New York City-based graphic designer Markus Hartel has a passion for street photography. On one of his last strolls through the city, he captured some scenes on the busy streets with the New Russar+ Lens. Read on to learn about his experience photographing with the Russar+ and get insider info on how it is to be a street photographer in the Big Apple.

  • First Impressions of the Petzval 58 Bokeh Control Lens by Fashion Photographer Issa Ng

    written by Jill Tan Radovan on 2015-06-10 in #people #lifestyle #reviews
    First Impressions of the Petzval 58 Bokeh Control Lens by Fashion Photographer Issa Ng

    Issa Ng is a Hong Kong-based fashion and commercial photographer. Leveraging on many years working as an art director and stylist for several international brands in the advertising industry, he was able to develop a strong sense of style and talent for conceptual execution, composition and intense imagery. He now specializes in portraits, and is continuously on the lookout for new and exciting projects. He talks about his experience shooting with the Lomography Petzval 58 Bokeh Control lens in this interview.

  • Scott Brasher Chases Fashion in the Streets of New York with the Petzval Lens

    written by antoniocastello on 2015-03-09 in #people #lomoamigos
    Scott Brasher Chases Fashion in the Streets of New York with the Petzval Lens

    Scott Brasher is a fashion street photographer based in New York City. His work has been featured on many media outlets while working with brands like Cover Girl, MTV, Reebok, and Target, among many others. But before this, Scott started shooting in the streets of Williamsburg, Brooklyn, capturing its daily urban fashion. Last month, he took the Petzval Lens to the streets of New York to photograph scenes at the famous New York Fashion Week.

  • Shop News

    Give your space a facelift with your own analogue print

    Give your space a facelift with your own analogue print

    Really want to bring your film photos to life? We’re now offering totally analogue fine art prints in a host of large sizes and formats! Carefully enlarged from your negatives onto premium photographic paper by lab professionals, each picture is a unique piece of craftsmanship.

  • LomoAmigo LomoKev Tests the New Petzval 58 Bokeh Control Art Lens

    written by Jill Tan Radovan on 2015-06-03 in #people #lifestyle #lomoamigos
    LomoAmigo LomoKev Tests the New Petzval 58 Bokeh Control Art Lens

    Kevin Meredith, more popularly known as LomoKev, is a photographer based in Brighton, England who gained notoriety for his use of the Lomo LC-A and his lomographic style of creating images. Aside from a plethora of personal and commercial projects, he has also conducted workshops on photography, written and published photography-related books, and participated in a few exhibits. With his evident passion for photography, it comes as no surprise that he was selected to test a prototype of the New Petzval 58 Bokeh Control Art Lens.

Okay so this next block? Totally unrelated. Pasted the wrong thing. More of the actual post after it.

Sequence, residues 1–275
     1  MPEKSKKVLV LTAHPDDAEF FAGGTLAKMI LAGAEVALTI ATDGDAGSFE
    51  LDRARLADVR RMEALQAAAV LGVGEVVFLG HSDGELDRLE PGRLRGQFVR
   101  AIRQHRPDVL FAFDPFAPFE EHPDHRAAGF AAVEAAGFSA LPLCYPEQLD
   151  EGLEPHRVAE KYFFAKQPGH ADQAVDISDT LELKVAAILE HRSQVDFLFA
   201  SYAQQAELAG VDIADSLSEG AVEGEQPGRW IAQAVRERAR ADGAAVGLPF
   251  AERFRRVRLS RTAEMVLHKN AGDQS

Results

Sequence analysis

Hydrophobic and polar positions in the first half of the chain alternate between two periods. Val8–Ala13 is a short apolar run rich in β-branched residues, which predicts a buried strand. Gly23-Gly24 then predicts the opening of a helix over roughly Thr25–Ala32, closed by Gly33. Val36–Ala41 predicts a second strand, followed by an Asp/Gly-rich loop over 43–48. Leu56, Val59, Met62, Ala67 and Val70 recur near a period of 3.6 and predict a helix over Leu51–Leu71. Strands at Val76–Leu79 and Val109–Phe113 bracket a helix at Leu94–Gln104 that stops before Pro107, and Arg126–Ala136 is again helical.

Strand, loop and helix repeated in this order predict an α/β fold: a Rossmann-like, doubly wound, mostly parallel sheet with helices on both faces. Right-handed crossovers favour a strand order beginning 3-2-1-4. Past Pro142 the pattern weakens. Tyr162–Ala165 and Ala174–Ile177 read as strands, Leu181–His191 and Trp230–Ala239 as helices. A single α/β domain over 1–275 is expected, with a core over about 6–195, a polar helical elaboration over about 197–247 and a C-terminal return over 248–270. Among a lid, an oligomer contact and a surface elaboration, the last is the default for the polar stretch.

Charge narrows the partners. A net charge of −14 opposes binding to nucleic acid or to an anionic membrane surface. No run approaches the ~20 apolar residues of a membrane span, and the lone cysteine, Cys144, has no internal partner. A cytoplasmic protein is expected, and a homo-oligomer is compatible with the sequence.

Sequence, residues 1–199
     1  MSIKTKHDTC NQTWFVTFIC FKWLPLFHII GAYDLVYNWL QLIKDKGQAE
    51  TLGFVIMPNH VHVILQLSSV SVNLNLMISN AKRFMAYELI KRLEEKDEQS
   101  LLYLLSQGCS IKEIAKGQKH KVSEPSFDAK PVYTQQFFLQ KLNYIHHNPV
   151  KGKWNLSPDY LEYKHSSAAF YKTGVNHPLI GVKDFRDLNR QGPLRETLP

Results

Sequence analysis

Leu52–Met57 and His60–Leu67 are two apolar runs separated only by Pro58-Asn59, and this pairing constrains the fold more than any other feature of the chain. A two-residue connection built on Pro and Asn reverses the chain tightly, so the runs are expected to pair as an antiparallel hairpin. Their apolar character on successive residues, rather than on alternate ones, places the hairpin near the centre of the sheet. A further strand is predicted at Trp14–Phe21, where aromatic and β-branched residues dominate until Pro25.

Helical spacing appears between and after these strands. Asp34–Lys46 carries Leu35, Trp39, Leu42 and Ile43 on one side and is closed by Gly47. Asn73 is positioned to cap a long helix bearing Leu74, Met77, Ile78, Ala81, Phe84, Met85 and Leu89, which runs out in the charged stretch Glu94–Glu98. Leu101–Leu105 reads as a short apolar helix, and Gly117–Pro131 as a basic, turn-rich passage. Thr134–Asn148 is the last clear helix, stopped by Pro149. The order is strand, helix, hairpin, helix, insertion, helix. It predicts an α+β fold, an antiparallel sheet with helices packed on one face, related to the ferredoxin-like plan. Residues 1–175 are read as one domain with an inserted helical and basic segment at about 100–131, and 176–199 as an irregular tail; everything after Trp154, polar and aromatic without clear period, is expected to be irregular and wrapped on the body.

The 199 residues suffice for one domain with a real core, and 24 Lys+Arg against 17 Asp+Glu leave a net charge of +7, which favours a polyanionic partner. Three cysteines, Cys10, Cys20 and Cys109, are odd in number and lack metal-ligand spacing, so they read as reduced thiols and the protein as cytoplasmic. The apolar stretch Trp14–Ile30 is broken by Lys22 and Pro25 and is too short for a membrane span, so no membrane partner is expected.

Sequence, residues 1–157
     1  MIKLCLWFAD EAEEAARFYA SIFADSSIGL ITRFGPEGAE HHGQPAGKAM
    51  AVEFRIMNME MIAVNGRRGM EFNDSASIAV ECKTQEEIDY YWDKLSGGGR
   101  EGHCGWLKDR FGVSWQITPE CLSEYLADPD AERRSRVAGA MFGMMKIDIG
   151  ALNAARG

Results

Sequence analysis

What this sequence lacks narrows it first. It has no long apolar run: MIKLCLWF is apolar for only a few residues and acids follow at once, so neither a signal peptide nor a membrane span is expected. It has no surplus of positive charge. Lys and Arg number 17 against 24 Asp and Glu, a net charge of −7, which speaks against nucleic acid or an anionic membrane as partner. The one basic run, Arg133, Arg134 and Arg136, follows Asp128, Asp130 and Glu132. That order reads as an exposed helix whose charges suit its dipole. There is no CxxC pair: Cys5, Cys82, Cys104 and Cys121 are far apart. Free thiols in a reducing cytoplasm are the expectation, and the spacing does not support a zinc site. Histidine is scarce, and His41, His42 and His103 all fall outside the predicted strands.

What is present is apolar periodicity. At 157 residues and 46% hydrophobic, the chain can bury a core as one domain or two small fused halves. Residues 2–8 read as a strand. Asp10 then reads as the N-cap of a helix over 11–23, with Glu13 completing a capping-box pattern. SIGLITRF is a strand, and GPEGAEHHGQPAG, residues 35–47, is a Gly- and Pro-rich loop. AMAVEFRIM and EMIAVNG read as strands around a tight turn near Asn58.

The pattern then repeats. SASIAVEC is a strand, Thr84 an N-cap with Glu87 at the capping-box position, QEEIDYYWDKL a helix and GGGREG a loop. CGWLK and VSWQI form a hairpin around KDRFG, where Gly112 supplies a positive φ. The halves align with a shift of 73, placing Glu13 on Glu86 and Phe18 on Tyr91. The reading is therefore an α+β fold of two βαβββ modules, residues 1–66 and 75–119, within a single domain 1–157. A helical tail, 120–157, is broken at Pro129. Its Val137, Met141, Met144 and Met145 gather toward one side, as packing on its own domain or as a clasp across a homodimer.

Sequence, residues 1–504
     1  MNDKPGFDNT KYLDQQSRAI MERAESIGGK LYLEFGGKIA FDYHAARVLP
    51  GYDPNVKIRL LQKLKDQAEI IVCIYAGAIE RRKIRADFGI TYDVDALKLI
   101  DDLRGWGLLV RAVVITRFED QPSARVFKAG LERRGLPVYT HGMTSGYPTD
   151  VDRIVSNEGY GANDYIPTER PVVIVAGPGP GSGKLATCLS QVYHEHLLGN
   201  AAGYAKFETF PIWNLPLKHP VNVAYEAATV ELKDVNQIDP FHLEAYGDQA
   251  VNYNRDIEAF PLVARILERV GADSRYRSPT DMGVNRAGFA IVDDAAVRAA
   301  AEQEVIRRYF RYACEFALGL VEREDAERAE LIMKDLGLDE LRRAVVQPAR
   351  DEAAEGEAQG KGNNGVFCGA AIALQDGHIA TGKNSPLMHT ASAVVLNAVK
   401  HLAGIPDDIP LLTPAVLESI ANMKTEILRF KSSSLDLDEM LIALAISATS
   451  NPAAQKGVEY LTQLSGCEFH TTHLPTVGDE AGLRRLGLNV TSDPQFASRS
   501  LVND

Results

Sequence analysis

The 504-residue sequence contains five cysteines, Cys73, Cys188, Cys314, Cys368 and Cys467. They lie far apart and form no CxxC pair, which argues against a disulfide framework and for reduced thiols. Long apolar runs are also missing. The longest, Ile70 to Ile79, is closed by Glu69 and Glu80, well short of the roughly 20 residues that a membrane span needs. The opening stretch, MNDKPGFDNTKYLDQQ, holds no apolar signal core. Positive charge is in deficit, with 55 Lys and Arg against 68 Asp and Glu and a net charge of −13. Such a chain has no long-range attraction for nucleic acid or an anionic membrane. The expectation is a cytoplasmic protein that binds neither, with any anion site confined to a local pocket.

• Five Things Lomographers are Thankful For

    written by lomographymagazine on 2015-11-26 in #world #lifestyle
    Five Things Lomographers are Thankful For

    In the spirit of Thanksgiving, we take this opportunity to express gratitude to some of the things that had made the lives of us lomographers even more exciting this year.

  • Photo of the Day by inrod

    written by lomography on 2015-11-26 in #world #news
    Photo of the Day by inrod

    A roll of color-shifting film is an adventurous lomographer's ticket to otherworldly paradise.

  • Shop News

    Try the LomoLAB Development Service!

    Try the LomoLAB Development Service!

    Whatever kind of film development you're after, you'll find it here! Now you can confidently shoot from the hip without having to worry where to develop those film rolls!

  • Edmundrt is our LomoHome of the Day!

    written by lomography on 2015-11-26 in #world #news
    Edmundrt is our LomoHome of the Day!

    From everyone here in Lomography, congratulations to edmundrt for winning Home of the Day!

  • 5 Tricks for Timeless Event Snapshots

    written by lomographymagazine on 2015-11-26 in #world #lifestyle
    5 Tricks for Timeless Event Snapshots

    Are you the night's designated photographer? Take shots that age better than your memories of a special reunion.

  • Lomography X FOTO HITS Medium Format Rumble

    written by Lomography on 2015-11-26 in #world #news #competitions
    Lomography X FOTO HITS Medium Format Rumble

    With an expanded field of view and its ability to produce high quality images and capture minute detail, medium format photography has become the top choice of many photographers. Lomography is working hard to make sure that it keeps going with the continued production of medium format film and cameras. The current issue of German magazine FOTO HITS focuses on medium format photography. And with this rumble, we want to prove why medium format photography is king. Take your Diana F+, Holga 120, Lubitel 166+ or the new Lomo LC-A 120 and show us your best square shots!